With the manufacture and fitting of the valve gear  completed, work  progressed through 2005-6 on the complex job of setting the valves, which required the engine motion to be turned. The rear wheels were disconnected from the rest of the motion by removing the rear connecting rods, and small sets of rollers set up under the front and middle sets of wheels. Using an air-driven pump and a person turning each roller with a 6' long ratchet, the wheels were rotated slowly so that measurements and adjustments to the valve timing could be made. This took months of work, feeding the data back each week to our expert -  in New Zealand.

Boiler life is time restricted from the date of the successful boiler test, so throughout the project we have worked to have King Edward II as complete as possible before turning to the restoration of the boiler. Now the boiler has been tested, the clock is ticking on the boiler life, so we hope we are in a position to reassemble the locomotive without major hitches.

6023 was built to the GWR's 13'5" loading gauge, and will be restored to this height for use on preserved lines. If we are to consider main line use on Network Rail, then it must be shorn of 4" to meet the 13'1" loading gauge now in force. A shortened chimney, bonnet and cab are under construction, and we have reduced the height of some of the mechanisms and pipes in the cab.

Inside the firebox of 6023, looking forward.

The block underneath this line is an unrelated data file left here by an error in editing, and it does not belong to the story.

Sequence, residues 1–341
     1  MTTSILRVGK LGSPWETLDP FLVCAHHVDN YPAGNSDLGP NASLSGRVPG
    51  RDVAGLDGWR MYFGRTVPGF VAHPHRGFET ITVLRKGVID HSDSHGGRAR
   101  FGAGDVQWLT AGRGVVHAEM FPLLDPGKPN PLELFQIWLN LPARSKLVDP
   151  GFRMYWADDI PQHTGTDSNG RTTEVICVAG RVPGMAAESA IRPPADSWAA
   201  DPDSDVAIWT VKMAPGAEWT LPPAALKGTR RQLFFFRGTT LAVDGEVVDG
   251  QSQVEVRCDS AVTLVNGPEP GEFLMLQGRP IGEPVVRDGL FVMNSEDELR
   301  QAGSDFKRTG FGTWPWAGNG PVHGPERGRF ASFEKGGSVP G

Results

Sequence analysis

Inside the rectangular rear part of the boiler, is a smaller inner rectangular space called the firebox. The only thing that prevents the boiler pressure of 250lb/psi  collapsing this huge structure onto the fire within is a regular array of 1261 metal stays that go through the wall of the firebox to its outer wrapper. These stays account for the huge number of bolts visible around the rear of the boiler when the cladding is off. The space between the firebox and wrapper is normally filled by water, which over the life of the boiler has a corrosive effect on each stay. Over 1100 stays have had to be replaced, and removal and replacement is now complete.

The boiler has been completely retubed, the ash pan fabricated, the mechanical lubricator pipes installed and myriad other jobs completed. The boiler has been steam tested, partially reclad and with a new ashpan in place, has been reunited with the frames for the first time in 4 years.

The superheater header and pipes, newly installed.

The superheater header and first two superheater rows are in. The clock is now ticking to get King Edward II back in steam.

 The restoration is dependent on donations. If you wish to support this project with a donation, use the following link: Donations!

Further links to the Great Western Society and other sites of interest are on the links page.